Distribution Restriction:
 
Approved for public release; distribution is unlimited. *This publication supersedes FMI 3-07.22, 1 October 200
4
, and MCWP 3-33.5, 29 January 1980. Marine Corps PCN: 143 000124 00
 
i
Field Manual  No. 3-24 Headquarters Department of the Army Washington, DC Marine Corps Warfighting Publication  No. 3-33.5 Headquarters Marine Corps Combat Development Command Department of the Navy Headquarters United States Marine Corps Washington, DC 15 December 2006
COUNTERINSURGENCY
Contents
Page
PREFACE............................................................................................................vii
 
INTRODUCTION...................................................................................................ix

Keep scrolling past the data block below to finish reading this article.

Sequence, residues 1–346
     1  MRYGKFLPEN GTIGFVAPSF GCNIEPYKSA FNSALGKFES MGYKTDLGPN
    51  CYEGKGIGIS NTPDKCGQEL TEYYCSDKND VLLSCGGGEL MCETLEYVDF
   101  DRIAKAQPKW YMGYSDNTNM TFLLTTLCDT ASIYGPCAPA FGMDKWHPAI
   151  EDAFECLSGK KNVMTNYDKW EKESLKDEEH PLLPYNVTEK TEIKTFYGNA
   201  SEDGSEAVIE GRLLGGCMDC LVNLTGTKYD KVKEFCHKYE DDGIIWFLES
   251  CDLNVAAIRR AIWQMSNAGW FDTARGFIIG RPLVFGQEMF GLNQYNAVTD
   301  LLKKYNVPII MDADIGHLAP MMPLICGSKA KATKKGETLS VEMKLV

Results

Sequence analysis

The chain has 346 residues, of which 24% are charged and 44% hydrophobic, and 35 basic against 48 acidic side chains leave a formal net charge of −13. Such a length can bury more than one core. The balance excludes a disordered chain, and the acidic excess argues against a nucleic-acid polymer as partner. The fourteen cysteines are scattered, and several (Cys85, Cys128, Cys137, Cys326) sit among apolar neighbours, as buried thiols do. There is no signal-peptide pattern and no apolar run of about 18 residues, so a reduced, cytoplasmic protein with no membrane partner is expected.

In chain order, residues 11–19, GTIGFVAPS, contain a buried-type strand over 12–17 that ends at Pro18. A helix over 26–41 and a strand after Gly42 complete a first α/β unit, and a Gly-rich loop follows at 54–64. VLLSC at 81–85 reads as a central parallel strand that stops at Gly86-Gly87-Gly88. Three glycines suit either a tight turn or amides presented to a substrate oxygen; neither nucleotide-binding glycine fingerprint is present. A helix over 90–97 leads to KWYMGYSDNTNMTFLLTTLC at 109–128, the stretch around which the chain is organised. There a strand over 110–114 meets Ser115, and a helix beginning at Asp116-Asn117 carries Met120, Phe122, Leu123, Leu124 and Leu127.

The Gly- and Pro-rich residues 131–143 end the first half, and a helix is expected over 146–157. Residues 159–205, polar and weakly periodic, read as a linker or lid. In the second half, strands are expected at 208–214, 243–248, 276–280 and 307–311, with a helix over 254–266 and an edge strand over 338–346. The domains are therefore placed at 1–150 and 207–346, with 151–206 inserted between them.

Chapter 1 INSURGENCY AND COUNTERINSURGENCY................................................1-1
 
Overview.............................................................................................................1-1
 
 Aspects of Insurgency........................................................................................1-2
 
 Aspects of Counterinsurgency.........................................................................1-19
 
Summary..........................................................................................................1-28
 
Chapter 2 UNITY OF EFFORT: INTEGRATING CIVILIAN AND MILITARY ACTIVITIES2-1
 
Integration...........................................................................................................2-1